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FRANCIS LANCELOTT, ESQ. Queens of England. Vol.1.

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FRANCIS LANCELOTT, ESQ.
Queens of England. Vol.1.
page 46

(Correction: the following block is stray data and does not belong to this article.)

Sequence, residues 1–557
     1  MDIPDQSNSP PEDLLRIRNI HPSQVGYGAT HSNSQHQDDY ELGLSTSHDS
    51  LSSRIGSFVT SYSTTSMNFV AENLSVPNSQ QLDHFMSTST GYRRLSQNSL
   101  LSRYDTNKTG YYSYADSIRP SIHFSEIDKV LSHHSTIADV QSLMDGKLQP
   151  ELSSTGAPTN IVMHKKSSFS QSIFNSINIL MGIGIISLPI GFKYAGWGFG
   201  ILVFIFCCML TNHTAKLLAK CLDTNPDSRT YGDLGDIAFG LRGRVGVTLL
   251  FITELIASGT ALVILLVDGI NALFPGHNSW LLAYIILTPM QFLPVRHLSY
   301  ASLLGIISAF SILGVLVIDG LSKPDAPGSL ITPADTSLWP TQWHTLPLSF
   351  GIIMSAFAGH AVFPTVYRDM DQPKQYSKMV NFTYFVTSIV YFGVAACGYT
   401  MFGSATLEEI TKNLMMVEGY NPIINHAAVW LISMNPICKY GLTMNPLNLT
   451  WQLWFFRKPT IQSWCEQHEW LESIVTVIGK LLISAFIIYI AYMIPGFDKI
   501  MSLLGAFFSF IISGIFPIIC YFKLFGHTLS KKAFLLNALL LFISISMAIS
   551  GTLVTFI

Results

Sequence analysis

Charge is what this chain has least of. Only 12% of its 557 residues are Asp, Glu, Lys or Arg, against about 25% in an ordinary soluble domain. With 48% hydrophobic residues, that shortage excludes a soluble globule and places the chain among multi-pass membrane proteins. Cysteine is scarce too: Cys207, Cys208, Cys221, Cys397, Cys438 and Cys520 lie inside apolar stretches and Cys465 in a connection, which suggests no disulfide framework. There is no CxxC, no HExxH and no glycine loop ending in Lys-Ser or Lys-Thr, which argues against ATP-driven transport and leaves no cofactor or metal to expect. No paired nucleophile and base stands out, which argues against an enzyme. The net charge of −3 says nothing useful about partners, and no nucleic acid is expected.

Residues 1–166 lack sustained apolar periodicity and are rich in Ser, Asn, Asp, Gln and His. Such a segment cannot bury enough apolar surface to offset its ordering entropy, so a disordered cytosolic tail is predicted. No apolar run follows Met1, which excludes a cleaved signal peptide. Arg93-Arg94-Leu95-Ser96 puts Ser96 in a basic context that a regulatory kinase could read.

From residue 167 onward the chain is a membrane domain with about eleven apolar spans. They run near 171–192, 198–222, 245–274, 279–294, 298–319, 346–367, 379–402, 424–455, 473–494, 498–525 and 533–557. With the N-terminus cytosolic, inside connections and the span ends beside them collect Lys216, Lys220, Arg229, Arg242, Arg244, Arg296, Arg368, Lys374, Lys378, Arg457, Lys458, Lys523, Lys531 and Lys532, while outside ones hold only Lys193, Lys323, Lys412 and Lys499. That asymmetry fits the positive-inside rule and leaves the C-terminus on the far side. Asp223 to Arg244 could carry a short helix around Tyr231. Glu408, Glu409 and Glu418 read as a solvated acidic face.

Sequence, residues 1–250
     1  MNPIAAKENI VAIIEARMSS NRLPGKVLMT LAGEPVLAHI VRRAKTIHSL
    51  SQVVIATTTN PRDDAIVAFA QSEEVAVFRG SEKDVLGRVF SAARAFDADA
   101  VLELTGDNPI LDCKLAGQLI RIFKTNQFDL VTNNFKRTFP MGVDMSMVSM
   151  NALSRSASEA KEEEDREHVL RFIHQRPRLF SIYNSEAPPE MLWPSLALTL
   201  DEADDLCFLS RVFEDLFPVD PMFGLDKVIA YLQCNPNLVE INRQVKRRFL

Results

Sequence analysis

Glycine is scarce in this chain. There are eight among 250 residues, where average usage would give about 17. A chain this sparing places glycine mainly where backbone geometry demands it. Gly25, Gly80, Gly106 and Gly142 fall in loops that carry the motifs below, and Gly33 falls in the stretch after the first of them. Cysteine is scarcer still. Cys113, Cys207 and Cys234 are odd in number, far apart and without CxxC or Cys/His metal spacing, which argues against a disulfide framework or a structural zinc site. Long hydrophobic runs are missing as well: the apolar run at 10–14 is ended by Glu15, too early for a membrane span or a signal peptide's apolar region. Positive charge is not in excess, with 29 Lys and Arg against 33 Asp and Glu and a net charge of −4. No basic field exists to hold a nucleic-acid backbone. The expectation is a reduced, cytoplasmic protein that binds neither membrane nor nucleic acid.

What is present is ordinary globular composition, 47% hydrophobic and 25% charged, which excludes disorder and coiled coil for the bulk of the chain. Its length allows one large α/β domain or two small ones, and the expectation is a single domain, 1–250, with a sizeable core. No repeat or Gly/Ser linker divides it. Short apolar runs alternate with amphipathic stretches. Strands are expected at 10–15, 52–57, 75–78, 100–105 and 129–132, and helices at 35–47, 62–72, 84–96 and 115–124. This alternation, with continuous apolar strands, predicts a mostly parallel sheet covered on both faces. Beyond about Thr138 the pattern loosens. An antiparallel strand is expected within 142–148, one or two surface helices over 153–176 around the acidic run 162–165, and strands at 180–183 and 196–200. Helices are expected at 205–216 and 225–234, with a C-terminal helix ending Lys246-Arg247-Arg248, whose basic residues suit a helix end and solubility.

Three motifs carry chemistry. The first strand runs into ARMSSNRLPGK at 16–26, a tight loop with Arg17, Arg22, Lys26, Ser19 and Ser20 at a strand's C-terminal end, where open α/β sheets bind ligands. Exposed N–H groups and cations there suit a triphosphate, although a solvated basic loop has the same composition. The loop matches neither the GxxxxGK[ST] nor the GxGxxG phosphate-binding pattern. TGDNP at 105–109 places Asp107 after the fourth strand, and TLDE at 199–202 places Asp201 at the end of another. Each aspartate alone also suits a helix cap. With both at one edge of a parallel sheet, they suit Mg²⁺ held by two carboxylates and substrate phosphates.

head, and then recommencing the coronation with due form, crowned and anointed Henry and his fair young bride. Adelicia, not unfrequently styled "the fair maid of lîrabant," was most nobly allied. Her father wras the lawful representative of Charlemagne ; her mother was the daughter of the Emperor Henry the Fourth, to whose son, Beauclerc had espoused his only legitimate daughter, Matilda, and her father's brother tilled the pontifical chair as Pope Calixtus. Like many of her illustrious ancestors, Adelicia wyas remarkable for her exquisite beauty, and her elegant accomplishments. Her skill and taste in embroidery appear to have been remarkable, as she embroidered a standard in silk and gold for her father, which became greatly celebrated for its beauty of design and exquisite finish. History has forgotten to record the date of her birth, and the events of her early years, hut the circumstances of her after-life render it probable that she had not seen twrcnty summers at the period of her marriage with Beauclerc. The young and beautiful Adelicia soon became a favourite with the people, and, in imitation of the bright deeds of lier predecessor, Matilda the Good, she, with queenly influence, upheld religion, morality, and good order, and afforded munificent encouragement to learningand refinement. Her court was graced by the presence of the most gifted and erudite scholars and minstrels of the times, and the rudely extemporised rhymes that had so charmed the ears of Matilda the Good, were, by her exalted taste, made to give place to the more elaborated productions of the graduates of Oxford or Paris, who could read Latin, and whose works were penned with glossy ink, and emblazoned with gold and vermilion, on milk white parchment. The example of the queen excited a spirit of emulation amongst the nobles of her court, and the conduct of the nobles again influenced their vassals, so that at thia period nothing was so fashionable as the pursuit or patronage of letters ; indeed, the love of literature, and the exalted taste of Bcauclerc and his consort, scattered the seeds of refinement and intellectual advancement so abundantly throughout the nation, that the civil wars of the succeeding reigns did but retard the future harvest. With a remarkable wisdom and grace, the youthful queen endeavoured to conform herself to the tastes of her royal lord. Henry loved magnificence, and above all, delighted to see his beautiful bride richly attired ; and Adelicia, who preferred a poem to a jewel, the quiet praises of the learned to the huzzas of tho multitude, so gratified his desire, that Henry of Huntingdon thus addressed her in his celebrated Latin verses. "Your crown and jewels, when compared to Howyou, poor your crown, how pale your jewels show ; Take off your rohc, your rich attire remove, Such pomp may load you, but can ne'er im prove. In vain your costly ornaments are worn, You they obscure, whilst others they adorn; Ah, what new lustres can these trifl.es give, Which sill their beauty from your charms receive ?" The king's taste for animals had induced him to enclose a park at Woodstock, and form what was probably the first menagerie erected in England ; and as the youthful Adelicia was no zoologist, the learned ecclesiastic, Philip de Thou, by her request, translated into Norman French a popular Latin work on the nature of animals, and the properties of precious stones. This treatise Adelicia studied with such especial care, that, savs a chronicler, " she could afterwards discourse about lions, bears, and unicorns, even more learnedly than Beauclerc himself."


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